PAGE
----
Sunday, December 14, 2008

A Strong Member Of The Cookbook Species


I’m very proud of my cousin, Weslie Janeway, who has put together a beautiful book, Mrs. Charles Darwin’s Recipe Book, with co-author Dusha Bateson.

Next year is the 200th anniversary of Charles Darwin’s birth. It’s fitting that this collection of recipes has been assembled now. They shed a lot of light on the domestic life of Emma and Charles.

Mrs. Charles Darwin, Emma Wedgwood, was born in 1808 and died in 1896. Charles Darwin was her cousin. They shared a grandfather in Josiah Wedgwood, the pottery manufacturer. Their families were also linked by the marriage between Darwin’s sister and Emma’s brother.

Emma had a decent education for a woman of her time – she spoke 4 languages and was “an accomplished pianist”, according to Janeway and Bateson.

The majority of her married family life took place at Down House in Kent, which was a 2 hour trip from London, although only 16 miles away. Emma had 10 children. 7 survived into adulthood. A number of long-serving staff also lived with them.

There were gardens at Down, which provided a good deal of the ingredients used in the kitchen, as well as livestock, ducks, hens, pigs. The poultry was used in the kitchen, as well as for Darwin’s heredity studies.

Emma’s job was to run the household and, to that end, she kept a notebook of recipes, which give a fascinating glimpse into this Victorian household. Although this is a book of Emma’s recipes, it is unlikely that she cooked regularly herself. The dishes probably were discussed with the cook, who may or may not have been able to work from written recipes.

Emma may have gotten recipes from her family or friends. Perhaps she was impressed by a dish served in someone else’s home and she wanted to add it to her collection. They would have shared it with her and she would have consulted with her cook, who would have known the rudiments of cooking, as they existed then. The dish would be produced using Emma’s additions or suggestions.

Another interesting thing about this Victorian family is that meals were taken with the children, including when company came. In that way, service in the Darwin household may have been more informal than the usual standard of the day.

There is a description in the book of how dining à la russe replaced dining à la française. In service à la russe, each dish has its own course, instead of a large series of dishes being placed on the table at the same time for diners to help themselves (service à la française). Service à la russe is how we and most restaurants still proceed today.

The authors chose a number of recipes from Emma’s actual notebook. They tested them and reworked them to suit a modern kitchen and some seem very good indeed.

Emma’s method of Buttered Eggs, basically scrambled eggs, shows a sophisticated culinary know-how. Not only does she call for heating the butter and cream before adding them to the eggs, but the eggs are cooked in a double boiler in the style of French scrambled eggs or Oeufs Brouillés.

There’s a very useful cheese straw recipe - just Parmesan, flour, butter, cayenne, salt and a bit of milk that would suit any hors d’oeuvre need.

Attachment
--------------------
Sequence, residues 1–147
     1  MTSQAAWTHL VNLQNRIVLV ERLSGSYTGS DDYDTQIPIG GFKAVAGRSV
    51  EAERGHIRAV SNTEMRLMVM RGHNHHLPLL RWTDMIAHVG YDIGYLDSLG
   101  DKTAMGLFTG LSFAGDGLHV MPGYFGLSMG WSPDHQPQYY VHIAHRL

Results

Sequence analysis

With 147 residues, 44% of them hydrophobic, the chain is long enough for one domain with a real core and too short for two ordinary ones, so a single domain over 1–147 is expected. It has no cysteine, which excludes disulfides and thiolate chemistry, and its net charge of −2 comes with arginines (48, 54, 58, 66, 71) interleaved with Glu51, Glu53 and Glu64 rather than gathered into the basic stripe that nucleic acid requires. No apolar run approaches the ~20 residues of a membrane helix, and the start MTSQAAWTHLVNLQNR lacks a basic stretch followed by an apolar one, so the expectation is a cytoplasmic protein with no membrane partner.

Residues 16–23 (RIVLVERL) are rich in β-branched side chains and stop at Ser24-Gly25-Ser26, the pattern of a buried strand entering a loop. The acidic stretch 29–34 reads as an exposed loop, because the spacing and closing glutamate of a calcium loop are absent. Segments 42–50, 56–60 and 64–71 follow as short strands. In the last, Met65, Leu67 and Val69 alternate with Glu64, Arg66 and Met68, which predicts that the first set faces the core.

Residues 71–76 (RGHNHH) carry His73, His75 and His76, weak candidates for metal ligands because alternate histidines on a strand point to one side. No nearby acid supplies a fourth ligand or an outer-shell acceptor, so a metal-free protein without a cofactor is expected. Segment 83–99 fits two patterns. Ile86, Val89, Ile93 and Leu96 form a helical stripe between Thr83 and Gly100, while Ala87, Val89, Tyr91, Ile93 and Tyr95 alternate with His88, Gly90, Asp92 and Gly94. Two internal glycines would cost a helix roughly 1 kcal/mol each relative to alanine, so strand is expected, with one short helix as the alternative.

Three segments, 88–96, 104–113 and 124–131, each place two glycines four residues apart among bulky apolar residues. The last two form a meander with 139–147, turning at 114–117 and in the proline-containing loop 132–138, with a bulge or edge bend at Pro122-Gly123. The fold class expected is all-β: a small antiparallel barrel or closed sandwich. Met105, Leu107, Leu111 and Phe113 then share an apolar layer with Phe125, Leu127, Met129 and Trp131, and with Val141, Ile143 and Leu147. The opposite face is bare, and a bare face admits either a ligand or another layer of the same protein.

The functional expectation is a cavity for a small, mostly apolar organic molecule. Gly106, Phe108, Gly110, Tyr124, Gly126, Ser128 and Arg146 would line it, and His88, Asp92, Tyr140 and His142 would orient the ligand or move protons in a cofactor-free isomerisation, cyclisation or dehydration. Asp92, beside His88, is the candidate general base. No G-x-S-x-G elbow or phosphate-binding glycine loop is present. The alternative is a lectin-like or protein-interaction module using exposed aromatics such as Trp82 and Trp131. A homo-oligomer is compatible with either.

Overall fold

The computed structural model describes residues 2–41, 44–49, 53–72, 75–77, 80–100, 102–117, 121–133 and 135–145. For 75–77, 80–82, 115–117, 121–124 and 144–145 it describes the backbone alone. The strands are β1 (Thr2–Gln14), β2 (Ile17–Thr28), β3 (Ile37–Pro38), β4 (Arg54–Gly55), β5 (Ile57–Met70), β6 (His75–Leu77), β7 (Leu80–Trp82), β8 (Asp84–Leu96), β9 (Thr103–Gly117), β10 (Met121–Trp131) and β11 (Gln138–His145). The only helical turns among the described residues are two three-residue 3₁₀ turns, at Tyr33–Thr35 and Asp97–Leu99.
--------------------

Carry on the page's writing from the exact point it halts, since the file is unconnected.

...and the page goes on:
Anyone that’s familiar with English university food will recognize Scotch woodcock. No, it’s not a little freshly shot bird. It’s toast with a spread of anchovy paste and often scrambled eggs. This version is anchovy paste mixed with cream and egg yolks. Filling and comforting.

I also liked the pea soup recipe. It’s robustly flavored with bacon and turnips.

“Pudding” or dessert recipes include Nesselrode Pudding or dried fruit ice cream, Stewed Fruit and Orange Posset. Emma’s recipe for Raspberry Jam makes sense even today. It includes red currents, which is very smart. They have much more pectin than raspberries, so the combination ensures a nicely jelled jam. (That’s often why you add lemon juice to different fruit jams. It boosts the pectin.)

The forward by Janet Browne is very interesting. It mentions the existence of Emma’s written domestic accounts, which notes her food expenses for things ranging from meat and sugar to candles.

Imagine if we had kept our old shopping lists and food bills and how that would be window into our life at the time. Bottled water and after-work quick meal fixings would be replaced by child friendly foods and car ready snacks to gallons upon gallons of milk to finally the kid-free pantry and fridge of fruits, vegetables and grains that no-respecting teenager would eat. We are what we eat is applicable in past AND modern times.

Mrs. Charles Darwin’s Recipe Book is a very attractively produced book and an interesting look at a specific household in Victorian times. What I find most interesting are the parallels to our own kitchens of today.


3 comments:

DebCarol said...

This cookbook is like someone read my mind and put it in the pages of a book. It is right up my alley. I have checked it out on Amazon and put it on my wishlist. Congrats to your cousin and her co-author - they have a winner here!!

Calm In The Kitchen said...

I'm going to look for this book it sounds great! The pictures look amazing.

;) amy

Emily said...

It sounds like a wonderful cookbook with great pictures!